Africa calling

Abid dropped science with his status message recently. His FB update told us that there wre more mobile phones than toilets in sub-Saharan Africa, according to statistics he had just encountered.

I’m sure his mind was blown, as was yours just now.

But you do get over the initial shock and horror that come from realising the implications of this information. OMG. How uneven development has been in Africa —the rich get all the mobile phones they need, but the poor can’t even get a toilet!

Soon you remember that this is facebook which, contrary to Timothy Kalyegira’s expectations, is a playground and not a forum for intellectual discussions of pertinent social issues.

And statistics are great playthings. Pliable and squishy and bendy and twisty; you can shape them into anything. It wasn’t long before Abid’s commenters were talking about the advantage of having more phones than toilets. One of them being that there is less chance of dropping your cell in the loo.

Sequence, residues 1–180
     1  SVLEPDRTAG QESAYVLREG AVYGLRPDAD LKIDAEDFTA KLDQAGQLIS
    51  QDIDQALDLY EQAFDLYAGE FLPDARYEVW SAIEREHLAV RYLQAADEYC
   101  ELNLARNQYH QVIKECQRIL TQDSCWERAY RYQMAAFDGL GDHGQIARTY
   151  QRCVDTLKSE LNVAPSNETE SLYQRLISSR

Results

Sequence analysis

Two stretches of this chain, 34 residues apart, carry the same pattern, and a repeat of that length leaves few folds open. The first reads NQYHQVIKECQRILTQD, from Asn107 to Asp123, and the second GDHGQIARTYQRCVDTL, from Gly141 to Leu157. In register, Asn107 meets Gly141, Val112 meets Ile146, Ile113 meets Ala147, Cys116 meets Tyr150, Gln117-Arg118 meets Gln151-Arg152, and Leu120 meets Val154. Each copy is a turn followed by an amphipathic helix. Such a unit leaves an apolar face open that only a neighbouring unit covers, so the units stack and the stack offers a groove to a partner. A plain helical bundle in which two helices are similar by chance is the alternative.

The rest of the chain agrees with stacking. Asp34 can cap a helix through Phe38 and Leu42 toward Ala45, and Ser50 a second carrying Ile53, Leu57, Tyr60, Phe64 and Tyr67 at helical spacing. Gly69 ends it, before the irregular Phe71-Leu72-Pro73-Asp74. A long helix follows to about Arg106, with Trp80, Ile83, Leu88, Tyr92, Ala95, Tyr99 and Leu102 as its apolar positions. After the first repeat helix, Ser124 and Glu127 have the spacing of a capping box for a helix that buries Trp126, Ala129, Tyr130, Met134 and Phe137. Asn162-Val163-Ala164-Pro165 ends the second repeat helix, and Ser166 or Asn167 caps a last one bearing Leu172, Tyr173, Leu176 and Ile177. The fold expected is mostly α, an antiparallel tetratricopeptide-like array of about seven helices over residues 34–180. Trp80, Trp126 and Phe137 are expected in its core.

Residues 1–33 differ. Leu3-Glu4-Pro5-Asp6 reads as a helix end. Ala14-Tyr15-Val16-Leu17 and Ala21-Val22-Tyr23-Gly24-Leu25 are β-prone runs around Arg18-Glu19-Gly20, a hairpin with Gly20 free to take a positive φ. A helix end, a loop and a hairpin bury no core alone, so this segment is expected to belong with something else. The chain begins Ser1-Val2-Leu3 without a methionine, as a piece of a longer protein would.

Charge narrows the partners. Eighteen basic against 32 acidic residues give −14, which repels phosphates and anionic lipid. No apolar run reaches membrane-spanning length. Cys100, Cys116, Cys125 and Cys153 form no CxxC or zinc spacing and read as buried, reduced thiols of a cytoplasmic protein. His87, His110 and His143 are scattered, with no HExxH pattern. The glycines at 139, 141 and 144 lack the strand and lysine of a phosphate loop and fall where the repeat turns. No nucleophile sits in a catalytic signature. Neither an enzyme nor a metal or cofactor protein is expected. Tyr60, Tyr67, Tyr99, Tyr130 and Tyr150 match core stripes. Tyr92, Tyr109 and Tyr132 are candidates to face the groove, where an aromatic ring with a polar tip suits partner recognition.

I am a member of the narrow-minded, conceited self-centered, privileged ivory-tower economy-elite minority class and have forgotten entirely what my poop looks like because I haven’t been to anything that couldn’t flush it out of sight and smell seconds after it was ejected in a decade.

But I believe there could be one thing I share in common with all users of mobile phones in sub-Saharan Africa. All several million of us… well, half the several million of us. We get tired when the other half complains that we didn’t take their calls.

You guys, they are mobile phones. That means we can’t pick them up every single time they ring. They are mobile, which means they move into places where one cannot take calls. Places like in transit while driving, in church, in office meetings, in bedrooms at night while their owners are asleep etc.

But I can no longer say I could not take a call because I was in the loo.

That’s statistically unlikely.



  1. What do you mean ‘I couldn’t answer ‘cos I was in the loo’?! It’s, ‘I couldn’t answer ‘cos I was on the iPad…(in the loo)’

  2. I’m thinking this shouldn’t be so OMG or anything. Whereas, forexample, in an average secondary school in Uganda, about 10 latrines are used by all the 1000 students, the same communal spirit can not be extended to phones. That statistic is just like saying there are more mobile phones than houses in Africa. Of course there have to be!

  3. Jo, we considered that also, but left it alone because the truth is there really is a bad shortage of hygiene and sanitation facilities in sub-Saharan Africa. A third of us.

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